~3~ Cafe` Du Monde. Beignets. Every morning I headed to this little piece of heaven and ordered a cafe` au lait and a beignet (and you don't just get one beignet, you get three). And I won't mention that on the last day I went back in the afternoon and ... well, I'm not telling.

~4~ Bourbon Street. Okay. It's only one street in all of New Orleans, and I just hope visitors/tourists don't judge the entire city on those few blocks.  When Joe and I got into New Orleans we decided to stroll  down this iconic street figuring that, since it was Sunday, things would be tame. Uhm, no. Good grief.
**No photo ... this is a family blog.**

~5~ Second Line. Not sure what this is? Well, we had no idea until we witnessed one. It was a wedding parade, complete with a dancing bride (holding a white parasol), a brass band, and the entire wedding party following behind. Very New Orleans.

~6~ Meeting people.  Maybe it was because I was by myself, but everyone I met (tourists, shop keepers, waiters) wanted to talk. And not just talk, but have an entire conversation. It was wonderful! One day I took a guided walking tour of the Garden District and met a young British woman who was vacationing on holiday (as the Brits would say) in the States for two weeks. We had a lovely conversation, and the next day I bumped into her again in Jackson Square. I'll probably never see her again, but I'll always think of her as my New Orleans friend.

In St. Louis Cathedral in Jackson Square, the day Pope Benedict retired.

~7~ Preservation Hall. This was by far the highlight of my week. For $15 and the willingness to stand in line for an hour just to be able to get in the door, Joe and I were treated to an hour of pure jazz. In a small, crowded room with brick walls and low ceilings, and without the aid of microphones and amplifiers, six jazz musicians showed us what jazz was meant to be: an experience. It was intimate, it was pure soul, and I totally got it.

~8~ P.S. And what about my resolve to pack light? See photo. Packed into that teeny duffle bag: outifts for four nights and five days, two pairs of shoes, workout clothes, laptop ... I did well, no?


*Now, go visit Jen over at Conversion Diary for some more Quick Takes fun.
She has a book coming out!

Thursday, March 7, 2013

How About Some Nutella with that Grammar?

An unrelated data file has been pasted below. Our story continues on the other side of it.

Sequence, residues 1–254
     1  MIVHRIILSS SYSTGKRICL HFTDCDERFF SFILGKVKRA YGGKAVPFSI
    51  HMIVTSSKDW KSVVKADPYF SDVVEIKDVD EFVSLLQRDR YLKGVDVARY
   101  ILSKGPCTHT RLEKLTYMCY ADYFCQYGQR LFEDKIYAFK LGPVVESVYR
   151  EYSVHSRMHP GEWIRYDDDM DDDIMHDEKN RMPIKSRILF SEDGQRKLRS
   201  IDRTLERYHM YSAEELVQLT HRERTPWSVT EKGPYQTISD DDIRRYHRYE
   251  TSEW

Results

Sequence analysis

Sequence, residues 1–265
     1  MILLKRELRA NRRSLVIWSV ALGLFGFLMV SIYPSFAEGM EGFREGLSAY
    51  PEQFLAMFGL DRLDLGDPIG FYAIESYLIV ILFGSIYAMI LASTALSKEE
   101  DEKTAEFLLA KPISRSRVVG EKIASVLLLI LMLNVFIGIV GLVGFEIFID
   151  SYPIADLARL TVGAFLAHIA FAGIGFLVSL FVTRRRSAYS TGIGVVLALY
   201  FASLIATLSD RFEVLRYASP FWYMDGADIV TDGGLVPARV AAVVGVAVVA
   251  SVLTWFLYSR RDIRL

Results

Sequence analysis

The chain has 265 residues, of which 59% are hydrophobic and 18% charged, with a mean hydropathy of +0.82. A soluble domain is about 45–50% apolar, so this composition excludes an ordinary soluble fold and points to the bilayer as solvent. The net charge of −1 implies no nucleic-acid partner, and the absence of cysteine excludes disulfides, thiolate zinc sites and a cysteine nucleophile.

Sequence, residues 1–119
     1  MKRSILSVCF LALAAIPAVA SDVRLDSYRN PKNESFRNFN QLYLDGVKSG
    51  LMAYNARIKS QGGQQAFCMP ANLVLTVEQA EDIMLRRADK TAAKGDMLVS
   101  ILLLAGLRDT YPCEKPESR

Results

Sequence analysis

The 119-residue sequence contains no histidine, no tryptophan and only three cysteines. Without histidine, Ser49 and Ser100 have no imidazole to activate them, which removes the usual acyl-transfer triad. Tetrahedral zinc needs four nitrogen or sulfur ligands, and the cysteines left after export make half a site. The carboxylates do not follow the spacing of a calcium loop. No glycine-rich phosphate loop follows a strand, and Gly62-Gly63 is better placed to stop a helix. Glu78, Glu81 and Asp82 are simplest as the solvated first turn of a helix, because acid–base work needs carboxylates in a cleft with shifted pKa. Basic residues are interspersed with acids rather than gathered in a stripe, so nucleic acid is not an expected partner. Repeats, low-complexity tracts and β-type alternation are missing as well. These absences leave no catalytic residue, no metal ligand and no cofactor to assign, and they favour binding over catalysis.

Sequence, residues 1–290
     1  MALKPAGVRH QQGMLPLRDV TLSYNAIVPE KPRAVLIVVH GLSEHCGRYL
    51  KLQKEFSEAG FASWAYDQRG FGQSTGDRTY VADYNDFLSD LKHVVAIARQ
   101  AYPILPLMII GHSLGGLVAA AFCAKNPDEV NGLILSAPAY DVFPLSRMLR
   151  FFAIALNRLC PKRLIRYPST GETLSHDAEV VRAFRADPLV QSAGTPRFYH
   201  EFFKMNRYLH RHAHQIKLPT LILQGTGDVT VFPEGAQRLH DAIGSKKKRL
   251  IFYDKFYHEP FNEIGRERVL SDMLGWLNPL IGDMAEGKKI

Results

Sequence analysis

This past Monday was National Grammar Day, a day which calls us to march forth on March 4th to celebrate punctuation, grammar, word choice and style. It's a day which highlights important issues (lie vs. lay, who vs. whom, i.e. vs. e.g., affect vs. effect) and showcases how a misplaced comma can be deadly.

Huh. I totally celebrated World Nutella Day in style (Feb. 5, in case you're wondering), but somehow I missed National Grammar Day.

You can see where my priorities are.

People assume because I am an English major and work as a writer that I have the answer to any and all grammatical dilemmas, but I don't (just ask my editor). I can hear the protests even as I type this -- But you are an English major! You are a writer! -- and, yes, both are true. But while my degree and my profession indicate that I am knowledgeable in the grammatical arena, by no means am I an expert.

Let me put it this way: there are English majors ... and there are English majors.

On one side are English majors who are grammarians. They are scholars on mechanics, semantics, and linguistics. They can diagram a sentence into tomorrow, get offended at comma splices, and hold a dangling participle over your head. They make great editors.

Then there are English majors who are literarians. They quote Chaucer, discuss Faulkner's writing style, and lose themselves in a bookstore. They attend poetry readings at the downtown cafe`, keep a journal, and fall in love with their Shakespeare professor.    

You can probably guess which type I am; however, just to be clear please know I can diagram a sentence, I make sure my subjects and verbs agree, and I don't leave any participles dangling. I do think grammar is important. Really.

It's just that I'll take a Nutella sandwich over a split infinitive any day of the week.